Soviet statesman, newspaper editor, and communist theoretician.
Born in Moscow, the son of a schoolteacher, Bukharin joined an anti-tsarist political group as a university student, becoming a member of the Bolshevik faction of the Russian Social Democratic Workers' Party in 1906. In 1908 he took over the leadership of the Moscow Bolshevik organization, but in 1911, having been arrested, he escaped to Oregon, USA, and later moved to New York, where he edited the socialist paper Novy Mir. Returning to Europe, he worked with Lenin in Germany on the party newspaper Pravda and began to establish his credentials as a major political and economic theorist.
Bukharin returned to Russia in 1917. In a dispute with Lenin, who proposed to end World War I by making a separate peace with Germany (1918), he advocated that the world war should be transformed into a European revolutionary war. Despite this disagreement, Bukharin maintained his influence in the party (and government) to become editor of Pravda (1918–29), of the party journal, the Bolshevik (1924–29), and of the Great Soviet Encyclopaedia. Following Lenin's death in 1924, Bukharin became a full member of the Politburo and in 1926 he was appointed chairman of Comintern (the Communist International). Although he at first supported Stalin against Trotsky, he was denounced by Stalin as the leader of the ‘right deviation’ and was expelled from the Politburo in 1929. He was appointed editor of the official government newspaper, Izvestia, in 1934 but in 1937 was arrested and removed from the party as a trotskyite. He was tried, found guilty of treason, and executed in 1938.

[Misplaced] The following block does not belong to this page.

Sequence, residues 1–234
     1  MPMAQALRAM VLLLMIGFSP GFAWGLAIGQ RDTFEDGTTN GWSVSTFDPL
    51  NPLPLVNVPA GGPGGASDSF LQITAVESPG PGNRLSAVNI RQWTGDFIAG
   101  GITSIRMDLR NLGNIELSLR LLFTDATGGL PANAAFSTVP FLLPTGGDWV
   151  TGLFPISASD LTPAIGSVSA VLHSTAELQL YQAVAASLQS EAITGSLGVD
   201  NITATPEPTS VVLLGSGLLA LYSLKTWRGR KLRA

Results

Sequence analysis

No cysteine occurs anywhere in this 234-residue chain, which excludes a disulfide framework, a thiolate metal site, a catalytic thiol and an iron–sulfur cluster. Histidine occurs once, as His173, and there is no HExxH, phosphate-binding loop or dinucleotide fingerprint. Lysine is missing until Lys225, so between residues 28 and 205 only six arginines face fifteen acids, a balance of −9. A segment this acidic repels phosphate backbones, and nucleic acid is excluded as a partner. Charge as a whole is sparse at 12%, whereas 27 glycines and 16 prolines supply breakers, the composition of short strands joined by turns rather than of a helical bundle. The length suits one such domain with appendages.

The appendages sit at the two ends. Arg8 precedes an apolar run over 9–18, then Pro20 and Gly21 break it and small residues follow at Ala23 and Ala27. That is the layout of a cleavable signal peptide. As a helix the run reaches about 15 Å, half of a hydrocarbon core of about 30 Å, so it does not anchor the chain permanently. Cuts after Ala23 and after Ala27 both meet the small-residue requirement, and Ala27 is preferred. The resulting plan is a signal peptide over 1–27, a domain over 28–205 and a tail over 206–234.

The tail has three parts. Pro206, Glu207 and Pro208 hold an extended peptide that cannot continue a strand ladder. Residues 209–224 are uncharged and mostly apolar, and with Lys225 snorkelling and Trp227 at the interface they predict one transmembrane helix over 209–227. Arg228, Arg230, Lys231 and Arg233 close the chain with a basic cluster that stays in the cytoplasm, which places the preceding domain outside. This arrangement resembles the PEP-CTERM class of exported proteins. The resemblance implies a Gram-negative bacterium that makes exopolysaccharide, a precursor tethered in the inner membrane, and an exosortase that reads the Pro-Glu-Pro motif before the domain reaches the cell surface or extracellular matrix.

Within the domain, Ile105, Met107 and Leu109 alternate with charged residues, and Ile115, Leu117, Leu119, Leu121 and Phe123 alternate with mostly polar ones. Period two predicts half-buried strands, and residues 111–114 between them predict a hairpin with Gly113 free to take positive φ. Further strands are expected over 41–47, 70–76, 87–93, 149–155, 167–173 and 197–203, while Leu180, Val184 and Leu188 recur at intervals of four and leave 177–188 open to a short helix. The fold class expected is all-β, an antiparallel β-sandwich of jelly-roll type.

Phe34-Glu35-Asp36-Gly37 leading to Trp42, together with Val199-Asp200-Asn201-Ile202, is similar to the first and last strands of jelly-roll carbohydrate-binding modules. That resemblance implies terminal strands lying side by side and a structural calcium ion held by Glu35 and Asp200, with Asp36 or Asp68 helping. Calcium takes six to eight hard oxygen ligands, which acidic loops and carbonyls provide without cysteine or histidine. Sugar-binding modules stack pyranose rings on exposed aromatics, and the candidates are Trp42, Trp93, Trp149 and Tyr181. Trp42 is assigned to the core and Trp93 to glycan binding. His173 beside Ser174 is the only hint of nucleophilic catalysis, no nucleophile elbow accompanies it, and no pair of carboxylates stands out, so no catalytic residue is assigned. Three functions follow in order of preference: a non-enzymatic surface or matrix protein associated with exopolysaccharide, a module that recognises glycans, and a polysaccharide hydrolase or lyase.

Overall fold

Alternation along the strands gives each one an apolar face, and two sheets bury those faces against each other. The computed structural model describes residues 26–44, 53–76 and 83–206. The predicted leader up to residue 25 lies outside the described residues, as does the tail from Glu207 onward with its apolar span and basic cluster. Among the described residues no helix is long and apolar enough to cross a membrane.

Bukharin was one of Lenin's closest friends and colleagues. A major economic theorist, he published many outstanding works, including World Economy and Imperialism (1915), The Economy of the Transitional Period (1920), The ABC of Communism (1921), and The Theory of Historical Materialism (1921).
Subjects: Contemporary History (Post 1945) — Social Sciences.